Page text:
Lakins, Terry/The Dearborn Press and Guide/April 2, 2014: p 2B
Henry Ford Community College’s Virtual Theatricality Lab may redefine live theatrical performances with its production of stage play “Dinosaurus!”
The Theatricality Lab uses live virtual characters and scenery and combines them with stage actors.
“It’s like when 3-D first appeared or when sound first came out,” said George Popovich, director of Theater Arts and Director of the Virtual Theatricality Lab. “It’s a new modality of presentation.”
“Dinosaurus!” will begin showing in November.
“Dinosaurus!” is the story of two geologists looking for oil that accidentally stumble upon a hidden world filled with dinosaurs. The tale is told from the viewpoint of the dinosaurs. The dinosaurs see the humans as intruders and try to get of rid of the humans.
Popovich said animated dinosaurs will be projected in 3-D stereo, and will appear to be the next to the live actors during the performance. Audience members will wear 3-D glasses. The effects of 3-D stereo will make the dinosaurs appear 10 feet from the closest spectators.
The scenery will be also rendered in 3-D and will portray a cavern where the dinosaurs thrive. A professor character will be rendered in 3-D Stereo using a real-time motion capture actor: This will be done in a different room, but the actor will be able to the see action onstage through hidden cameras. This will allow the actor to interact with the audience. There are real physical effects that go along with the performance such the audience being sprayed with water when an animated dinosaur sneezes.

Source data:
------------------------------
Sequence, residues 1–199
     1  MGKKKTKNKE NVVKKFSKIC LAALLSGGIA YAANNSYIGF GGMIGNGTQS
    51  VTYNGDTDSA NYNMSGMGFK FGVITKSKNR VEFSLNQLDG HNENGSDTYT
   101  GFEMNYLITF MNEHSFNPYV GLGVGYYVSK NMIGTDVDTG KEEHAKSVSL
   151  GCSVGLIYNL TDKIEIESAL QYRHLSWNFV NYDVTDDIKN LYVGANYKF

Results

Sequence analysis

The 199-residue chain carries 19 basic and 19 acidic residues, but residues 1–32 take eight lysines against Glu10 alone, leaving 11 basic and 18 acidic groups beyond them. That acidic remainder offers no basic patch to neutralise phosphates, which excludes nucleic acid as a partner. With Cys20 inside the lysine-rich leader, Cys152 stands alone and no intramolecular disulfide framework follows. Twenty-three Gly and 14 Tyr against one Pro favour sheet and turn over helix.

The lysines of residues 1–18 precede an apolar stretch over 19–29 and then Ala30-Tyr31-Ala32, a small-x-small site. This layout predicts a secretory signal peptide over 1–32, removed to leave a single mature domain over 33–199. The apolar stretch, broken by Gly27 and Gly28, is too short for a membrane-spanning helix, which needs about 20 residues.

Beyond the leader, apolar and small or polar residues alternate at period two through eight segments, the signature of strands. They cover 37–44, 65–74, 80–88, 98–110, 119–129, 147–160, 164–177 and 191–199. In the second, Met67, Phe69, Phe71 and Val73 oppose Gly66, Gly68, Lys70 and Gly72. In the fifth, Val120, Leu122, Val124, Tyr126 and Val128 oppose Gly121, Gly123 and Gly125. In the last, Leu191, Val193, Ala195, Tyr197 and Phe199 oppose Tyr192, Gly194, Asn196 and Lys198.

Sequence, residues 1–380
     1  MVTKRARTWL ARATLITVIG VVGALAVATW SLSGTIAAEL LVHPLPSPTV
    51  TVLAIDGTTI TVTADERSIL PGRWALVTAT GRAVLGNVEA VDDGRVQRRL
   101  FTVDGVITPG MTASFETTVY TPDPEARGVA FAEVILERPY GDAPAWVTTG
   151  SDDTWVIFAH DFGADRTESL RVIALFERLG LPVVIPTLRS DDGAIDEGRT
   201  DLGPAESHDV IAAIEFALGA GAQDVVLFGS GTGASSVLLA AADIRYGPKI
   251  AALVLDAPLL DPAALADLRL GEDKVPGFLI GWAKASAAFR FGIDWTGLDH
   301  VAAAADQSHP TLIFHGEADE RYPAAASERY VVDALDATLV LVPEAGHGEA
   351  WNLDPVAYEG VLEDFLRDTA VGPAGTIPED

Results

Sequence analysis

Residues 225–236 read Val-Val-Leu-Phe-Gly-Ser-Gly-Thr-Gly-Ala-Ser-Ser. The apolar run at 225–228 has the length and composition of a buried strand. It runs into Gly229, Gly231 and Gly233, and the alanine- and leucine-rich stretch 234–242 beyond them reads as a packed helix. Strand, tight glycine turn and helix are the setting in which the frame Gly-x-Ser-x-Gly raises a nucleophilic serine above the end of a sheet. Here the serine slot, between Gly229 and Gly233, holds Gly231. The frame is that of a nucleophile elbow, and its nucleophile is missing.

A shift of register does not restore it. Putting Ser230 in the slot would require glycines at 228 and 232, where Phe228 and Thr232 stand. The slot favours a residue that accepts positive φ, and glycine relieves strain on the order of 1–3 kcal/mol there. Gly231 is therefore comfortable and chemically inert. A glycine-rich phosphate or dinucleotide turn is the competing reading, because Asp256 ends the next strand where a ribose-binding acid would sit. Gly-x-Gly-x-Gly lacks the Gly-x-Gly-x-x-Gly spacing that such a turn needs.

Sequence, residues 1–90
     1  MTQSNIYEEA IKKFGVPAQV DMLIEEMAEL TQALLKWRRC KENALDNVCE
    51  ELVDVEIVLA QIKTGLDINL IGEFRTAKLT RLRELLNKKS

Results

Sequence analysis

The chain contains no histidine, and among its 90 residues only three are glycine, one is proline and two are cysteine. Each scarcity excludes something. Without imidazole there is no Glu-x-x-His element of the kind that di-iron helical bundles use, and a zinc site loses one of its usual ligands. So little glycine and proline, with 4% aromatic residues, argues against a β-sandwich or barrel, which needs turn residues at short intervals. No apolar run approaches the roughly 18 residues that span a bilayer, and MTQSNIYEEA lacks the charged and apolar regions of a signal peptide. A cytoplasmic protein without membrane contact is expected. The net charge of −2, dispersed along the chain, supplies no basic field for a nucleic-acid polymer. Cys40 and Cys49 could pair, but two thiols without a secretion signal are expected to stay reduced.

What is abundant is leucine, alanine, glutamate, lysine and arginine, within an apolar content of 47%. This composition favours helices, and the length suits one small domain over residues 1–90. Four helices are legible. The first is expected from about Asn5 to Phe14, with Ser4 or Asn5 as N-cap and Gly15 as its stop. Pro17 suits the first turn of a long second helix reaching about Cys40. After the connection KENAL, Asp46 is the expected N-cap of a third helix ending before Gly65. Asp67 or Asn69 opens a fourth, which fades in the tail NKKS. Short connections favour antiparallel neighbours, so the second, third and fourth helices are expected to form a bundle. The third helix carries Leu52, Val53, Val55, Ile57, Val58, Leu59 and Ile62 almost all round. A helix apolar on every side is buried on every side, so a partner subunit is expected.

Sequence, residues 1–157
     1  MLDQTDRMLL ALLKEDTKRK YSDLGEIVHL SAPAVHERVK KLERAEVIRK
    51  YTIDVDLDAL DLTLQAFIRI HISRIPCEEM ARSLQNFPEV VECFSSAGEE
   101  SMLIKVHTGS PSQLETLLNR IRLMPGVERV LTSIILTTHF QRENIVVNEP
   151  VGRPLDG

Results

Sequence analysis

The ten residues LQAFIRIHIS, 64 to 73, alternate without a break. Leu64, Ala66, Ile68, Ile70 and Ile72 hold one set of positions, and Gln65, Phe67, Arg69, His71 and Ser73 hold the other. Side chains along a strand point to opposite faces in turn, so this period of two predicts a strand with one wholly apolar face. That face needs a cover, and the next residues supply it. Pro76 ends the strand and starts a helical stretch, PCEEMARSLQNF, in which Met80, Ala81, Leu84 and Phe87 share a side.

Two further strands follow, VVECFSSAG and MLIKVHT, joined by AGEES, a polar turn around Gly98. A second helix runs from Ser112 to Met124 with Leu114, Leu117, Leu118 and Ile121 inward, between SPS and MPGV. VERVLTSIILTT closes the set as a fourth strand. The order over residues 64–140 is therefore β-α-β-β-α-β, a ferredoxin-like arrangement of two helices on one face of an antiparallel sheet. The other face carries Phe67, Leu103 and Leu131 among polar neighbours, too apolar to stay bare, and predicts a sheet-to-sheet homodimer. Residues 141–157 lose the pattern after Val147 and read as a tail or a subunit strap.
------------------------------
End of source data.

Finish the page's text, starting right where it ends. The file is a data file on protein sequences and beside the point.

Popovich said the project has taken three years to get it to where it is now. Lack of funding, time constraints, and technical issues made getting it together difficult.
One of the best challenges, he said, is selling the idea to a larger audience. With very few people attempting to do 3-D on stage, he feels it’s hard to get people to really understand the concept and support it. Despite the difficulty, Popovich remains optimistic and feels the advantages of Virtual Theatricality are worth the trouble. The ability to use virtual technology may lead to solutions that are impossible to do in the real world. Popovich is also confident that if this initial run of “Dinosaurus!” is successful it could lead to possibilities of touring the show at elementary schools and getting the word out.
Whether “Dinosaurs!” is successful or not, he is still interested in translating other popular plays into the virtual theater format.
“It’s my opportunity to see all the magic and fantasy on screen intersect with the reality of live actors, said Popovich. “ It combines my two great artistic loves—the stage and the cinema.”
Only 80 seats are available per performance, so early purchases are highly advised.